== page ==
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1681c: Rosenberg v. Calvary

Posted: Sat Jan 14, 2006 6:29 pm
by David A. Szwak
Rosenberg v. Cavalry Investments, LLC
Slip Copy, 2005 WL 2490353
Sep 30, 2005

Defendant also contends that summary judgment should be granted because it merely reported dates to the credit agencies in accordance with the information it was given by Fleet Bank. In opposition, plaintiff argues that the debt was too old to report in the first instance and the defendant should not have provided any information to the credit agencies. "Under 15 U.S.C. § 1681c, consumer reporting agencies are prohibited from reporting adverse credit information which antedates the report by more than seven years." Lendino v. Trans Union Credit Information Co., 970 F.2d 1110, 1111 (2d Cir.1992); 15 U.S.C. § 1681c(a)(4). [FN1]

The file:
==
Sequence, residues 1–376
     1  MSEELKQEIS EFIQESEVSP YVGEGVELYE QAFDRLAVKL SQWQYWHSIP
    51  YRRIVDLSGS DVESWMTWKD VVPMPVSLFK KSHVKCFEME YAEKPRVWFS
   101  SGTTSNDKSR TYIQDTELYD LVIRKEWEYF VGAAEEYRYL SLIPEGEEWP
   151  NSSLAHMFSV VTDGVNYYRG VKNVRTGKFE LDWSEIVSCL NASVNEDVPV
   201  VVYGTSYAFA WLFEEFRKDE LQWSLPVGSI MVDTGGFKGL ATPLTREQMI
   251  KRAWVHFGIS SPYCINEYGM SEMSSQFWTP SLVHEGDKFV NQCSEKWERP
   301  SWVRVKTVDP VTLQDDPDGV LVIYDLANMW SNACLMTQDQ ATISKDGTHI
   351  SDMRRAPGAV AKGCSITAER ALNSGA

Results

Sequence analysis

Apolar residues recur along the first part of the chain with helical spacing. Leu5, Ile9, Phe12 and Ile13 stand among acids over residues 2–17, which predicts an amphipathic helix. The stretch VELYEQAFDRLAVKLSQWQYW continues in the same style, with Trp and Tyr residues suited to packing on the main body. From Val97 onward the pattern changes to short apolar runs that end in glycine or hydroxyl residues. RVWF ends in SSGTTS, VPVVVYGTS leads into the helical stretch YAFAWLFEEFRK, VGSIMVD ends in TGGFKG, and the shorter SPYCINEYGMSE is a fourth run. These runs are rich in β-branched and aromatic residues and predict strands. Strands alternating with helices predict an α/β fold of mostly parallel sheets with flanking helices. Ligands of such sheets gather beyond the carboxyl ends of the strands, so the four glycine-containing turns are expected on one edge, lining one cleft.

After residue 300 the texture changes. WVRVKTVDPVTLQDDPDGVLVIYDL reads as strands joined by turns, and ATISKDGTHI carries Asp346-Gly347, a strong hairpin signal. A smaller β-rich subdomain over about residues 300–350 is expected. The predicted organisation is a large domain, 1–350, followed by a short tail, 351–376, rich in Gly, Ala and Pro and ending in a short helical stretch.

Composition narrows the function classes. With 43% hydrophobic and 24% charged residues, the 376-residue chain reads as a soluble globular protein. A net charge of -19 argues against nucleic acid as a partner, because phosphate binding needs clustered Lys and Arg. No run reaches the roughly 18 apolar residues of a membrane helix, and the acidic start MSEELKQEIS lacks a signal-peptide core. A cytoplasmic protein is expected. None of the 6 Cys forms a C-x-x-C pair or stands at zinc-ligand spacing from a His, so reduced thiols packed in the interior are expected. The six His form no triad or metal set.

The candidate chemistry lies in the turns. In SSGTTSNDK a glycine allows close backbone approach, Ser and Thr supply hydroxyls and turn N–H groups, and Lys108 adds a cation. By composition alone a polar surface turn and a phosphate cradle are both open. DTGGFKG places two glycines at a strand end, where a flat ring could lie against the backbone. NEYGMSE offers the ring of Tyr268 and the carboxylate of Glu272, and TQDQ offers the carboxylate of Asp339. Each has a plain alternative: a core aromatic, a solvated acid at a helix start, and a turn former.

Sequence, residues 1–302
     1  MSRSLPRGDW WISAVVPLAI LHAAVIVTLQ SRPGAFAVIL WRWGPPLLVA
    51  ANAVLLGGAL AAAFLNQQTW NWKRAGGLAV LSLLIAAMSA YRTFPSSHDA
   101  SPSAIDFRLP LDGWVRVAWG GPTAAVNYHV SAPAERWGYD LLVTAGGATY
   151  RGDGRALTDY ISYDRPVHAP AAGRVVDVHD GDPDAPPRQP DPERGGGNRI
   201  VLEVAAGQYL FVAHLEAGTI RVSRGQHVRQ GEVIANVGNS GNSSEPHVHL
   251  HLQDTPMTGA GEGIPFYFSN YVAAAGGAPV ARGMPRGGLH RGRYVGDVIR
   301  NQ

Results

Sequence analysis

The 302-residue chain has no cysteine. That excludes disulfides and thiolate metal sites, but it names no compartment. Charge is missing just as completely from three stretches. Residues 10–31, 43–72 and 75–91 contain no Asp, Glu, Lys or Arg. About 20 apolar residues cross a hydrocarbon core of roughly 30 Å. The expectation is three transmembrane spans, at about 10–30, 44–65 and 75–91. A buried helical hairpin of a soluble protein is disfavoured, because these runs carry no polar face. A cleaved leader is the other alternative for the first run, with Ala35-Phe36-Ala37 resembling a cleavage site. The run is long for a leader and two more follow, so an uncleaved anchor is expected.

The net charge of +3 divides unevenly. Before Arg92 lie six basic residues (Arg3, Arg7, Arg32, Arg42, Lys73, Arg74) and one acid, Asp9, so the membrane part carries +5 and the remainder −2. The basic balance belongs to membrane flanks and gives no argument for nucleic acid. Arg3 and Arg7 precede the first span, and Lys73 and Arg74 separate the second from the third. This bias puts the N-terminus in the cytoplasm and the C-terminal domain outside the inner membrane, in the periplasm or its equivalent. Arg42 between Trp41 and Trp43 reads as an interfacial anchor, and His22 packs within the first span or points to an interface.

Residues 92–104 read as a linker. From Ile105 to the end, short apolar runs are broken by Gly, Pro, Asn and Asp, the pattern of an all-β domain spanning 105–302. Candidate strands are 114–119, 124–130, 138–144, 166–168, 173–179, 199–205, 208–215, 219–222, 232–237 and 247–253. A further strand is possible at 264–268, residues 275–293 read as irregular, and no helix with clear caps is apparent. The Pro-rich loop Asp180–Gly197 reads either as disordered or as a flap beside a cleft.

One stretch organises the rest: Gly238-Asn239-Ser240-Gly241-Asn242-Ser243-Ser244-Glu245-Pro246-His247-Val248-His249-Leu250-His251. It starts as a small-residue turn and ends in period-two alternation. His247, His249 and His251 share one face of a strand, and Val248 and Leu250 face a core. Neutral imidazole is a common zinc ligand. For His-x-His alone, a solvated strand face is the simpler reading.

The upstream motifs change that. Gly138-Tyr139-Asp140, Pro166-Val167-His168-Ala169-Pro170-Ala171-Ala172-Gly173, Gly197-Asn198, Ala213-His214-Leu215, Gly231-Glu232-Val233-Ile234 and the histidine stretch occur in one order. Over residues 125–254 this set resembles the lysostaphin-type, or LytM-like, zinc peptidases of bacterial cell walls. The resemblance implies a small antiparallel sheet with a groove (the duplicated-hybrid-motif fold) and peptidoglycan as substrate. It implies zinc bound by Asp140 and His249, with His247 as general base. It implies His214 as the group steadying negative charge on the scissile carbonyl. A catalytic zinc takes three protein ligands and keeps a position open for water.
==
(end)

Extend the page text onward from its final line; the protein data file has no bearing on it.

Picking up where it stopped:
FN1. The seven-year period referred to in the statute commences "upon the expiration of the 180-day period beginning on the date of the commencement of the delinquency which immediately preceded the collection activity, charge to profit or loss, or similar action." 15 U.S.C. § 1681c(c)(1). Because the underlying dates of delinquency, collection activity and charge off are unclear based on the record, the court is unable to further apply this statutory section.

The parties have presented conflicting evidence as to the age of the debt. The defendant offers a copy of a document that it purportedly received from Fleet Bank which appears to indicate that Fleet charged off the debt on November 18, 1997. See Affidavit of Steven Anderson ("Anderson Aff.") at ¶ 5. The plaintiff offers his affidavit in which avers that he never had any dealings with Fleet. (Rosenberg Aff. at ¶ 3.) The court is unable to determine based on the current record whether the debt was more than seven years old. [FN2] Therefore, a genuine issue of material fact exists regarding whether the defendant violated 15 U.S.C. § 1681c(a)(4) by reporting a debt that was too old.